David Week


The Problem:

Many people were once attracted to Subud’s promise of an absence of dogma, of a spiritual exercise and path which self-tailors itself to every individual. Yet we have developed all manner of fixed rules, customs and habits.


The Solution:

Encourage a process of experimentalism, in which new ideas are constantly tried out on a limited basis to see how they work in reality. Encourage the publication and exchange of experiences. Don’t worry if different people adopt different solutions.


The Details:

There are three habits that tend to suppress change within Subud.


       An over-reliance on consensus. Although this can create communal solidarity, it can also lead to a situation where a very small minority can stop any change, by simply refusing.


     An over-reliance on Bapak’s words. Bapak termed his words ‘advice’, not ‘timeless truths’. The advice varied from time to time, and from situation to situation. And the whole aim and purpose of the latihan is to develop the ability to see what is right for a particular time and situation, not to look up answers in books.


     An over-reliance on testing. Testing is a useful process. But ultimately actions stand or fall by the way they work out in reality. Experimenting is another form of testing, in which the answers are sought not from inner perception but from reality itself.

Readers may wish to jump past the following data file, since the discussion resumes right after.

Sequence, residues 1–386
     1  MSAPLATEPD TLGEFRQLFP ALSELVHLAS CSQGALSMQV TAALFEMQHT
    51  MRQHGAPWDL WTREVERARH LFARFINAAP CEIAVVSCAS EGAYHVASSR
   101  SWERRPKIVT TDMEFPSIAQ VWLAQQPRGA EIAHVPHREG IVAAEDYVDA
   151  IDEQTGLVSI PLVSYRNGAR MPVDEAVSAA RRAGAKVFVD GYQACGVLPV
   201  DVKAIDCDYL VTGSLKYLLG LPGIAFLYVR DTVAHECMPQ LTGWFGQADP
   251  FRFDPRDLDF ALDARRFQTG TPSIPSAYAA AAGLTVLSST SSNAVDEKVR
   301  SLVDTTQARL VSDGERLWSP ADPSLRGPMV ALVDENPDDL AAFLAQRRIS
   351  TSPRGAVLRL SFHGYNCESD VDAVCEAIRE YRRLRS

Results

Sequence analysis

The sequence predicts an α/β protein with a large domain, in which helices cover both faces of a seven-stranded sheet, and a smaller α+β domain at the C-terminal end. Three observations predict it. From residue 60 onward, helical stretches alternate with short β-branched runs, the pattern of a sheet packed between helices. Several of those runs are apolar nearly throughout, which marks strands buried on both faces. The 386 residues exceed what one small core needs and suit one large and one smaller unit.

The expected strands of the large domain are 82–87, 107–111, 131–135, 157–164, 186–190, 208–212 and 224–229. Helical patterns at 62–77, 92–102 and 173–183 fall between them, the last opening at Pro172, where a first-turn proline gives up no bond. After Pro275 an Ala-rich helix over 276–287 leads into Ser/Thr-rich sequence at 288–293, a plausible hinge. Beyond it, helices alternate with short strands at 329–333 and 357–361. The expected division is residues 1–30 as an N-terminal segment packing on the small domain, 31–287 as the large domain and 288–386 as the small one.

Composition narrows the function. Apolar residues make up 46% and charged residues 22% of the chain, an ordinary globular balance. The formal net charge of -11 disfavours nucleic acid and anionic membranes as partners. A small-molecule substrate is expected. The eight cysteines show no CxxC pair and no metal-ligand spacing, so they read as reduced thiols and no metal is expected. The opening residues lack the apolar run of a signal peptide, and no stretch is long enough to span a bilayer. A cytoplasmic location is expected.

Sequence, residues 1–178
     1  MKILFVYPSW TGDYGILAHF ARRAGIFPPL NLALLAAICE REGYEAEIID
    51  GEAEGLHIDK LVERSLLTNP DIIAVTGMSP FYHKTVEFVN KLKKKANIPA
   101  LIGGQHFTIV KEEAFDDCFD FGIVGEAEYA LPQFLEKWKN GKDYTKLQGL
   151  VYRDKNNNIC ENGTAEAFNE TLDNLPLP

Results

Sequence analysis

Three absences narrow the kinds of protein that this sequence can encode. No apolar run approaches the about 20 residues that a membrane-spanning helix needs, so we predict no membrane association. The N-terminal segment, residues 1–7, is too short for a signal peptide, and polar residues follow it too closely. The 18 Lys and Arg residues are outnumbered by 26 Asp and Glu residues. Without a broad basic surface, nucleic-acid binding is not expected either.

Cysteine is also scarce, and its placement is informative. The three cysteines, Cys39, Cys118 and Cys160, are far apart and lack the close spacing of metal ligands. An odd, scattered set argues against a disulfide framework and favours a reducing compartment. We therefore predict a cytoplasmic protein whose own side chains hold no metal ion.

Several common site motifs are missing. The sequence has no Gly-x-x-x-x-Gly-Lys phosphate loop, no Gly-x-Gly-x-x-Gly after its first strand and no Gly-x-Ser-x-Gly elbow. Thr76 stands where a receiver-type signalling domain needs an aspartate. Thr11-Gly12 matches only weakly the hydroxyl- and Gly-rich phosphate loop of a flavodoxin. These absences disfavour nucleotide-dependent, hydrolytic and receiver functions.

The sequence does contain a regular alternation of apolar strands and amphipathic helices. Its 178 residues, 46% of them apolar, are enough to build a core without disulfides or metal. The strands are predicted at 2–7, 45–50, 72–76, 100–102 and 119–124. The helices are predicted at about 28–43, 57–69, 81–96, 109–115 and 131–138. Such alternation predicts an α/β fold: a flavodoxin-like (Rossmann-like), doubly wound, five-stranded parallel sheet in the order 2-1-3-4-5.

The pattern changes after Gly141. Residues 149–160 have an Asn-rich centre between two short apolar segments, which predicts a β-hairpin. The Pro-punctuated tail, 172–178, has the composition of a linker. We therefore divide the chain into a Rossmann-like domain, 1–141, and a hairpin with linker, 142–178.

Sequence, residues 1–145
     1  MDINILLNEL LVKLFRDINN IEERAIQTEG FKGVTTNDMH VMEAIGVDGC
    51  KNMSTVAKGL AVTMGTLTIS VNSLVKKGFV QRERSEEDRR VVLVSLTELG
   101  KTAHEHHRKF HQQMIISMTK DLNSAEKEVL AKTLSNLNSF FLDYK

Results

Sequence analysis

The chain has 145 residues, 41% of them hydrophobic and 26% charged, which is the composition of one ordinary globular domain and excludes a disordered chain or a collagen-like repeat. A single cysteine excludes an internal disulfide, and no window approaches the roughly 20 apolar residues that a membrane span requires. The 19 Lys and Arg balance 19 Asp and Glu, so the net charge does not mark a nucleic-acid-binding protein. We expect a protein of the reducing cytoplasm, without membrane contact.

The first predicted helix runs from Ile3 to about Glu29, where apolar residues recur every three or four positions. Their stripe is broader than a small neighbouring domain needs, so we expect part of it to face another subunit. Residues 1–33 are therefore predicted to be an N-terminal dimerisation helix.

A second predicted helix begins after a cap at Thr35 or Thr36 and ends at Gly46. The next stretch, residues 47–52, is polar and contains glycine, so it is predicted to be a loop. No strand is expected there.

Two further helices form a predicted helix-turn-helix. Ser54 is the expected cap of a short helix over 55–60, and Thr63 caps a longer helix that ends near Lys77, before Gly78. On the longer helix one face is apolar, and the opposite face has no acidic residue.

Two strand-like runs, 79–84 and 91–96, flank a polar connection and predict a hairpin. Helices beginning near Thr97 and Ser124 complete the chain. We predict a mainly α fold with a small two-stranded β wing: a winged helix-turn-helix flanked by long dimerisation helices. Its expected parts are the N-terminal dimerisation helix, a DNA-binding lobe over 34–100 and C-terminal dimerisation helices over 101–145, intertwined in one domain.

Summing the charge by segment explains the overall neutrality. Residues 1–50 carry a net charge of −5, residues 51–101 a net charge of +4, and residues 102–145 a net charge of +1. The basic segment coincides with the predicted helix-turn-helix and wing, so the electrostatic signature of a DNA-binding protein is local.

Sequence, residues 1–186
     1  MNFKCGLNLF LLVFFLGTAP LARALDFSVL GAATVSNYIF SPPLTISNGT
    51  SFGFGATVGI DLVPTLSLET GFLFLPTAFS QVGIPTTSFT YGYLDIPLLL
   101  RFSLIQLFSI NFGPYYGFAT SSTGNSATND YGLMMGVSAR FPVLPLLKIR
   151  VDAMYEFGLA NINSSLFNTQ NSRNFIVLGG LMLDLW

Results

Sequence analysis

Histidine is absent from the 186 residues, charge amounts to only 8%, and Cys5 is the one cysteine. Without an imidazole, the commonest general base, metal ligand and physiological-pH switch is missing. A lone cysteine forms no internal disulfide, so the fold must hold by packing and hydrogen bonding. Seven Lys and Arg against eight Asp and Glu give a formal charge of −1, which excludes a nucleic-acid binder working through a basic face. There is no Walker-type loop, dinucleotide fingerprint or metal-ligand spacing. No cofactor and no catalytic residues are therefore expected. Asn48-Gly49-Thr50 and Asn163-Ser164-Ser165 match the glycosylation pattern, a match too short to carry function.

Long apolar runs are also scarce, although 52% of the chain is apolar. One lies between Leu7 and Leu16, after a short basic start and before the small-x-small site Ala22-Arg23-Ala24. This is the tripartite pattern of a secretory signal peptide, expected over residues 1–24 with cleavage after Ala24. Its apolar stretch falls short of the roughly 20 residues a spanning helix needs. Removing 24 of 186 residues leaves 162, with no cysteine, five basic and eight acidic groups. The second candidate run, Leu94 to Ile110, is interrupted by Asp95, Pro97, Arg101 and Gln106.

It’s a widespread human experience that actual experiments often lead to results that surprise, and are necessary for any new learning and development to take place. Consensus (what everyone agrees on), books, and looking within are no substitute for actually trying out new ideas. A very famous and successful firm in New York, Stew Leonard Jr.’s, has a motto: ‘Try it for a week’. Rather than endlessly debate new ideas, they just try them for a week. They find time and time again that reality does not respond in the way they imagined that it would. This experimenting has it made it one of the most successful retail stores in the world.


Of course, there always risks with trying something new. That’s why it makes sense to carry out limited experiments: limited in time, and geography. An obvious geographical testbed is the group. For instance, a group might:


• develop and try using a Taoist understanding of the latihan for a year, and see how it felt, and what happened

• advertise locally for a year

• operate with a different name and symbol for a year

• give public talks

• reduce the three month waiting period to three visits to the hall


People can argue endlessly about what would happen. But such changes are not illegal, and they’re not immoral. We will only know the reality, when we try them.